By Phyllis Shacter · Wednesday, May 6, 2015
Next week, I’ll join interfaith chaplain Trudy James to talk about end-of-life issues relating to her film, Speaking of Dying. The short documentary delves into discussions that raise awareness about death and dying, and, in it, I talk about how my husband was able to die a peaceful death before reaching the later stages of Alzheimer’s.
Phyllis Shacter: What is your involvement in end-of-life issues, and how did you get involved?
Trudy James: Death has shaped my adult life in many ways. My first baby died at 4 days old when I was 25; when I was 35, my father took his own life. In midlife, I felt called by my desire to be of service to become a hospital chaplain.
In 1989, as AIDS was making its devastating journey into the South, I became the director of a program that connected congregation-based teams of volunteers to people with AIDS. Over 10 years the program grew as patients, volunteers and families learned to talk about death and grief. In 1997, I moved to Seattle and developed another AIDS care program.
In 2008, I began a small business called Heartwork offering retreats, grief and loss groups, and end-of-life planning groups called A Gift for Yourself and Your Loved Ones. Over four sessions, my trainers and I use discussions, handouts and homework to raise awareness of the challenges, choices and resources that are available.
PS: Why did you make the film, Speaking of Dying?
TJ: I made the film to pass on everything I’ve learned. People are often unaware of the challenges involved in dying well, or of the resources available to them—hospice, palliative care, Voluntary Stopping Eating and Drinking (VSED), and the Washington State Death with Dignity Law. Ultimately, I made the film because I knew it was possible for people to have better deaths.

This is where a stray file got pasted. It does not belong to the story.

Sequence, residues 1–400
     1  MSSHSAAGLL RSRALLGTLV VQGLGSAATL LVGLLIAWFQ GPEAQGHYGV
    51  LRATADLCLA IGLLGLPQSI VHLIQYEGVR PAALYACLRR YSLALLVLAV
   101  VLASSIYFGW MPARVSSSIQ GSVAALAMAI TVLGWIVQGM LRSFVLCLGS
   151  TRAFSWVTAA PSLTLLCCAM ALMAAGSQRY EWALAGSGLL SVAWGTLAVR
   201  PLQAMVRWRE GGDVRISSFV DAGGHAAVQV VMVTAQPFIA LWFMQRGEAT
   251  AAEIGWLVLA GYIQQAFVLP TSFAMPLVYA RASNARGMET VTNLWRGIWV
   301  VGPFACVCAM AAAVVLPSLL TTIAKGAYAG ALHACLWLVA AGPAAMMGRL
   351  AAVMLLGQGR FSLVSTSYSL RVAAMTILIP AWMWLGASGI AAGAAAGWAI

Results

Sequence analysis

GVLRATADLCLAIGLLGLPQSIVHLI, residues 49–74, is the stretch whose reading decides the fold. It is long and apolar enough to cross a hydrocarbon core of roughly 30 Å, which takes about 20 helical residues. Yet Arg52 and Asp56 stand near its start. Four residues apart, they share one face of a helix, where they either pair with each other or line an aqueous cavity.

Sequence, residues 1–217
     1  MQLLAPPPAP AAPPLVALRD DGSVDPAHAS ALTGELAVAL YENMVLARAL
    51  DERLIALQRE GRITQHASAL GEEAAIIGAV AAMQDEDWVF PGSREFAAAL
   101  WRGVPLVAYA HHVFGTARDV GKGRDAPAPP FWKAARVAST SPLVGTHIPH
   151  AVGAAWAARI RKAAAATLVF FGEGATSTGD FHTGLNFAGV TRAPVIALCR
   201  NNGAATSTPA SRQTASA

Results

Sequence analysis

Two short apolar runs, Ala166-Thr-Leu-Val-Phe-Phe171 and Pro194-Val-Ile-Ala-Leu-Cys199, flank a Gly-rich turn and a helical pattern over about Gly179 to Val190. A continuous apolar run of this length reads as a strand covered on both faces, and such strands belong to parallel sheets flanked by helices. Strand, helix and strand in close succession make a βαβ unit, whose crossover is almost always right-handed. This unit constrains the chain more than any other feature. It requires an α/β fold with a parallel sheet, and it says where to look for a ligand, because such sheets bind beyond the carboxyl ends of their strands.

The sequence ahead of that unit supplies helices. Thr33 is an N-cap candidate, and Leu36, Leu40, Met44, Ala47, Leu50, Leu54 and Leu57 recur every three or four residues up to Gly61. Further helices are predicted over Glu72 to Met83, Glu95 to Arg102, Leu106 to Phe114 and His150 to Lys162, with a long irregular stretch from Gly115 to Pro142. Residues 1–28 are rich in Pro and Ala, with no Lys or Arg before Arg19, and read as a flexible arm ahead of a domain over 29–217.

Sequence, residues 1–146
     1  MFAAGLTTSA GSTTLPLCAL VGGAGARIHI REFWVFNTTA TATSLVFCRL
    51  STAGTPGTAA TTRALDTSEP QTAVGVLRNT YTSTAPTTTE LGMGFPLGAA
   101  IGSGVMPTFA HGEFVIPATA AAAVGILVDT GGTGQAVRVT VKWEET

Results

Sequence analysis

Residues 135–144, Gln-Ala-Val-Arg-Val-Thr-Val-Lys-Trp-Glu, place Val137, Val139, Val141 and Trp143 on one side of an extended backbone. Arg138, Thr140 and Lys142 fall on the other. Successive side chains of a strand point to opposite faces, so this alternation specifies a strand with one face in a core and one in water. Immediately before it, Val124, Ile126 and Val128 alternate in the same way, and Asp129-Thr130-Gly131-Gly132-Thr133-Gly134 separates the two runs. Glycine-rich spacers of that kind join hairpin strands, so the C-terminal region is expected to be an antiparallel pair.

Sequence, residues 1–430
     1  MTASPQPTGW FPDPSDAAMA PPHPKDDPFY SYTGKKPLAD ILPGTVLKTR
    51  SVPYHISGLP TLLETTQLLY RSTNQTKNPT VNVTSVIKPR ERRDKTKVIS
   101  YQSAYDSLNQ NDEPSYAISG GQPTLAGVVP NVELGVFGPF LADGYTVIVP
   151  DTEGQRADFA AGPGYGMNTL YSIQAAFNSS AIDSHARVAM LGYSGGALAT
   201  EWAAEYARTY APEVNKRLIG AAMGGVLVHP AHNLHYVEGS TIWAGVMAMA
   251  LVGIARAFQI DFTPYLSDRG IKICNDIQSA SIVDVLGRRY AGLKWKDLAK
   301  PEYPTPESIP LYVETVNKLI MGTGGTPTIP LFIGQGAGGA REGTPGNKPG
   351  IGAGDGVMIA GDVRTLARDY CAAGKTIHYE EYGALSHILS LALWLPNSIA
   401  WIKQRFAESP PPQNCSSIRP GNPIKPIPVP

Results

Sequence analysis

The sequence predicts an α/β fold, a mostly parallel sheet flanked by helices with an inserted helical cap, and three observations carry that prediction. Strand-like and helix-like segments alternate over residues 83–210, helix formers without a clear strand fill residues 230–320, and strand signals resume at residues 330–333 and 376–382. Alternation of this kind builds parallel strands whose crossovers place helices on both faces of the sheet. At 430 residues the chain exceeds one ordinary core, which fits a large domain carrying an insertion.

PS: What is the film about?
TJ: The film uses compelling interviews and stories from a variety of patients, family members and health care professionals to show the value in speaking openly about death. It is ultimately about overcoming the fear of death; if they can overcome their fear and speak more openly, their lives will be better.
PS: Who needs to view the documentary?
TJ: Everyone over 18 needs to have a written Advance Health Directive, or the health care system has the legal right to make decisions for them in a crisis. I believe the film will interest people of all ages—younger people thinking of their parents and grandparents, Baby Boomers concerned about future health issues, and those of advanced years who need to update their planning and support their current wishes.
PS: How can professionals—such as therapists, doctors and lawyers— use it in their work with clients?
TJ: Professionals can have their clients watch it. The film and its accompanying resource guide provide illustrations and vocabulary to encourage people to think deeply about their own questions, desires and hopes. After viewing the film, they will be able to speak more easily about end-of-life issues.
PS: What matters most about the film to you personally?
TJ: The film and those involved in it represent all the things that matter to me: love, beauty, caring, connections and trust. Most satisfying is having the film seen widely; it sparks conversations, and end-of-life planning groups. The film is my legacy, a culmination of all my years of work. It is my privilege to offer it to the public.